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Photographic gallery.  Thousands of particles under the microscope.
Road Dust Under the Microscope

Cenospheres, Tire Wear, and Natural Minerals

There are three cenospheres near the center of the image. The darkfield top light shows their Reflectivity. The black, tapered cylinder is a tire wear particle. Road dust minerals complete the assemblage.

Transmitted Off Crossed Polarized light and Oblique Top Light Illumination


Road Dust is an assemblage rather than a single particle type. An assemblage is characterized by a set of particles of different types, in this case, tire wear, engine emissions, and natural minerals. Each of these particles have multiple sources but when found together indicate relative proximity of roads.

Significance in the Environment:

Road Dust indicates proximity to roads and the size, shape, and blend of assemblage members helps indicate the type of road, the type of traffic on the road, relative distance to the road, and volume of traffic.

Characteristic Features:

The most characteristic particle of this assemblage is tire wear. Occationally an asphalt coated mineral grain will be present. The cenospheres tend to be small because mobile diesel engines are much smaller than the large fixed boilers of power plants or large ship. Wear metals, nitrate aerosols, and exhaust corrosion products can also be part of this assemblage.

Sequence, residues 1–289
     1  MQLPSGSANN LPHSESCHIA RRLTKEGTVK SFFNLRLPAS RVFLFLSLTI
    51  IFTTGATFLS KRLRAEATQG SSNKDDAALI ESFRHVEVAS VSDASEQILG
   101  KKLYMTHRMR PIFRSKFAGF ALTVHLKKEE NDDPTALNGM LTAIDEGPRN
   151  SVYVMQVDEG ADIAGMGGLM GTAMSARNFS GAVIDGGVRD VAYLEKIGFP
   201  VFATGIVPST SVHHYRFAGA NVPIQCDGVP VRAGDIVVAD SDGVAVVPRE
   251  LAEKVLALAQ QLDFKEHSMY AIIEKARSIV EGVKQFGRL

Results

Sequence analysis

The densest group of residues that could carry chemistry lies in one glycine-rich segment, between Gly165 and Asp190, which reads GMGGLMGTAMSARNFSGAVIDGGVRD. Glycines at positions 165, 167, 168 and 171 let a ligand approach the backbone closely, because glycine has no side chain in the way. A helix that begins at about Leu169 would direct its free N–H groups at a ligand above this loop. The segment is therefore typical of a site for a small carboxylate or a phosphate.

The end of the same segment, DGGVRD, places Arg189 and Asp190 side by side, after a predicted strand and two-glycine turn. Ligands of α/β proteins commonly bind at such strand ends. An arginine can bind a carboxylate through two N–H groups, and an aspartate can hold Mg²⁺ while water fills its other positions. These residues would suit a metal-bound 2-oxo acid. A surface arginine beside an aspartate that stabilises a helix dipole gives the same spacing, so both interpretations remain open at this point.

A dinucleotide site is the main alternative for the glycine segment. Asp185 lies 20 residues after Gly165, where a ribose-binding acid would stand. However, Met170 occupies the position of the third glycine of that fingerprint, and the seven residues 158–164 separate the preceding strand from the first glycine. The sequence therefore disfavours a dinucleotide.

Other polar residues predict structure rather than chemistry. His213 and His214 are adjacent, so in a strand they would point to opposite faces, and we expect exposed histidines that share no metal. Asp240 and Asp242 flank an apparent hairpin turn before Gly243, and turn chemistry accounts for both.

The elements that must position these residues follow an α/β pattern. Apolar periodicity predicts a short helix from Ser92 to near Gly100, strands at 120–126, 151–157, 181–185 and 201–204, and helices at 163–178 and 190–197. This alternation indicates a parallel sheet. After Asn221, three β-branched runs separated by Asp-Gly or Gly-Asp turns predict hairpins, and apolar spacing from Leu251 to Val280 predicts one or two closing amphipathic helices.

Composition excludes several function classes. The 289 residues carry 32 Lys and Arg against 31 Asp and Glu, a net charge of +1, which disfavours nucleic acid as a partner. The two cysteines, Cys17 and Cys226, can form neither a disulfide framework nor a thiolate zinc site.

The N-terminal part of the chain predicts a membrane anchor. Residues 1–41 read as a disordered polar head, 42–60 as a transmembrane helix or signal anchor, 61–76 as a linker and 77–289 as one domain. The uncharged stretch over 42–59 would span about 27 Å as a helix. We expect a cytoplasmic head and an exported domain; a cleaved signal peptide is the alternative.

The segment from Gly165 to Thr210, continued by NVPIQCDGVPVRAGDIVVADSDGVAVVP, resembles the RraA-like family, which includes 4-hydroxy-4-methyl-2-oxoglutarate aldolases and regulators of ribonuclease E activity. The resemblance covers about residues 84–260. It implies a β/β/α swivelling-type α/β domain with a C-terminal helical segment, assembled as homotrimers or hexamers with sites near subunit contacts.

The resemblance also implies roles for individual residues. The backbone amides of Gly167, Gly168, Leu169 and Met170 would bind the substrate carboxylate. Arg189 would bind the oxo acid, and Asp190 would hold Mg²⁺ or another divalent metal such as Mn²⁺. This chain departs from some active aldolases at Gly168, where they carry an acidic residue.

Associated Particles:

The mix of Road Dust with pollens, spores, insect parts, plant parts, and other "exterior" particle types helps to characterized the nature of the exterior environment and entry path of the particles. Garages under a building, open windows, and door access directly from the street all have different mixes of particle types. Though these mixes overlap, multiple samples from the same site can often help differentiate these conditions.


1. (see Fuel or Oil Cenospheres heading)